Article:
Index 2024
120/ 180
Score : 49.11
Political indicator
Economic indicator
Legislative indicator
Social indicator
Security indicator
Index 2023
122/ 180
Score : 49.91
Political indicator
Economic indicator
Legislative indicator
Social indicator
Security indicator

With relative freedom of expression and of the press, the country was an exception in Central Asia despite an unstable economy and rampant official corruption. However, it is now experiencing an upsurge in pressure on the media.

Media landscape

The government still controls all traditional media and is trying to extend its influence to privately owned outlets. A degree of pluralism exists, as seen in the popularity of news sites such as 24.kgt, and, as well as the growth of investigative and data journalism. But these outlets are being harassed and, of late, their situation has become critical. Radio and television continue to be the main news sources for most of the population.

Political context

Kyrgyzstan, with an unstable and polarised political environment, has experienced three revolutions since its independence in 1991. Some media outlets are used by political leaders to advance their personal interests. Public institutions restrict journalists’ access to information. More and more websites are arbitrarily blocked, as has been the case for Kloop. Media outlets and journalists are raided and prosecuted on the basis of false accusations, especially those who publish investigative reports on those in power.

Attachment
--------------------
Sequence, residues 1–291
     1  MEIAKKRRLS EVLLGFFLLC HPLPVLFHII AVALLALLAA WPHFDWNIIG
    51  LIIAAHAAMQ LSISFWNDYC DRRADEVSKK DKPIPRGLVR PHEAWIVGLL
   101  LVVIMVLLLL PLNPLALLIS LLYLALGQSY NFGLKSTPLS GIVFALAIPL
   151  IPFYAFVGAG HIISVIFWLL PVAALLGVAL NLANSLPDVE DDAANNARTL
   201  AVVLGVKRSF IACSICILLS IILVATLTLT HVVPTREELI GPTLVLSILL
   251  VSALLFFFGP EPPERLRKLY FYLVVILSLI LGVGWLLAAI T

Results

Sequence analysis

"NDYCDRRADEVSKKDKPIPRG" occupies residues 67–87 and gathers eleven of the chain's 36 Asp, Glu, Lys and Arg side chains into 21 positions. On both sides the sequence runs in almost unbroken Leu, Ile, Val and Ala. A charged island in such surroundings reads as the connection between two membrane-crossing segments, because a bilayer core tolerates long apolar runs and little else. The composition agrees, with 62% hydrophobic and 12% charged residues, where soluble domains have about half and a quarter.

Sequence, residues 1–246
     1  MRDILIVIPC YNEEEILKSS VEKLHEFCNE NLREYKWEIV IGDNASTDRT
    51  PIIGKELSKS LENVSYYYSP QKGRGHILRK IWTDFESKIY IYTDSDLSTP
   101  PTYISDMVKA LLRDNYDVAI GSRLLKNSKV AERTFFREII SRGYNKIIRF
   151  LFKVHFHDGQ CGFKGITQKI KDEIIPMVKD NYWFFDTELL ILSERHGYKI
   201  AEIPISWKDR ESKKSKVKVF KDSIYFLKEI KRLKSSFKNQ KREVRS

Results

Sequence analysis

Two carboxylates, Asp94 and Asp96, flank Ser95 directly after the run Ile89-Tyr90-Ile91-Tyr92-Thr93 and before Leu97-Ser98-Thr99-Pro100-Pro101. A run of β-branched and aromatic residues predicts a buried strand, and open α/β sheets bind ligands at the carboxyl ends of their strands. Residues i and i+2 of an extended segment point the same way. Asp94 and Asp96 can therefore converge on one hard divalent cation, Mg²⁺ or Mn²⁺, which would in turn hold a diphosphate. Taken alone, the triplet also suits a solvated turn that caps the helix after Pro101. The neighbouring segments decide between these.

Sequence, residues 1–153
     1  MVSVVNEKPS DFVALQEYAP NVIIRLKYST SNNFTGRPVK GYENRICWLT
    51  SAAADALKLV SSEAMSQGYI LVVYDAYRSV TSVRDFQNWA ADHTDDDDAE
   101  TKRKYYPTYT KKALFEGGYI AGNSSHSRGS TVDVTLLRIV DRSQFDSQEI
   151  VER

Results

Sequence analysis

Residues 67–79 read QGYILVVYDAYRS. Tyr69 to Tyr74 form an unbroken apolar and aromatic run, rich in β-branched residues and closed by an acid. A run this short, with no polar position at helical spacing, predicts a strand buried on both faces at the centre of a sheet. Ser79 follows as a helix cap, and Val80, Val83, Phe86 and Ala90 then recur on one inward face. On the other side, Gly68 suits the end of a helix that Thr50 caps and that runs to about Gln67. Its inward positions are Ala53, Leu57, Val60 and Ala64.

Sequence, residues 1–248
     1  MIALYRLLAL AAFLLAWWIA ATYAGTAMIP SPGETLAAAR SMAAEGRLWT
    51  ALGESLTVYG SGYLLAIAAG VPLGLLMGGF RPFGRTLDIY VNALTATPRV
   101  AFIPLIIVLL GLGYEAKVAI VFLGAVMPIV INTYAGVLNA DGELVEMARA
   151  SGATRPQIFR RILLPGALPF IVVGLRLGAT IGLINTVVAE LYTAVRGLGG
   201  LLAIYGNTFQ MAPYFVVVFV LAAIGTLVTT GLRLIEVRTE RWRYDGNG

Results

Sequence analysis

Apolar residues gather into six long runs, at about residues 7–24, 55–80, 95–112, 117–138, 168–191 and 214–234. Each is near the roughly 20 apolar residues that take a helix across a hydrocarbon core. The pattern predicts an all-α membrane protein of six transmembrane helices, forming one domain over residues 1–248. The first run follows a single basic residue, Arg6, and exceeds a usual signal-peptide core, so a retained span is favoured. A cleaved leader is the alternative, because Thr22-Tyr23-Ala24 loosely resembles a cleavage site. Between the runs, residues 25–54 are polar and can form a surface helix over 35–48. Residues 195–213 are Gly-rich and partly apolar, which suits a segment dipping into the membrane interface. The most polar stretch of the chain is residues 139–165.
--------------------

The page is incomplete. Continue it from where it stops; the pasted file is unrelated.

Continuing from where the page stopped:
Legal framework

In recent years, officials have tended to reinforce censorship and adopt laws restricting press freedom. President Sadyr Japarov has signed a law on protection against “false information”, which violates the constitution and international treaties. A proposed media law that would include disproportionate penalties and a vaguely worded re-registration requirement risks further restricting press freedom.

Economic context

Massive official support for pro-government publications distorts competition between outlets. Under pressure from the authorities, leading private-sector companies refuse to advertise in independent media outlets. The authorities are preparing to pass a law, similar to one in Russia, that would label independent media that receive financial support from abroad as “foreign agents”.

Sociocultural context

Because of the high level of corruption in the country, investigative reports on the topic are valued and seem to be the subject of growing public interest. But much of society is also swayed by government propaganda portraying independent media as “enemies of the people" and “slaves of the West”.


Independent media face a new wave of pressure. In the space of a few hours on 16 January 2024, the police arrested 11 journalists who work or had worked for the investigative YouTube channel run by Bolot Temirov, who was illegally expelled from Kyrgyzstan in 2022. Investigative reporters are often convicted, especially on defamation charges, when they criticise the authorities, and news sites are often the targets of cyberattacks after publishing articles about corruption. Investigative journalists are targets of violence, as were reporters at protests until they were banned in the capital in March 2022.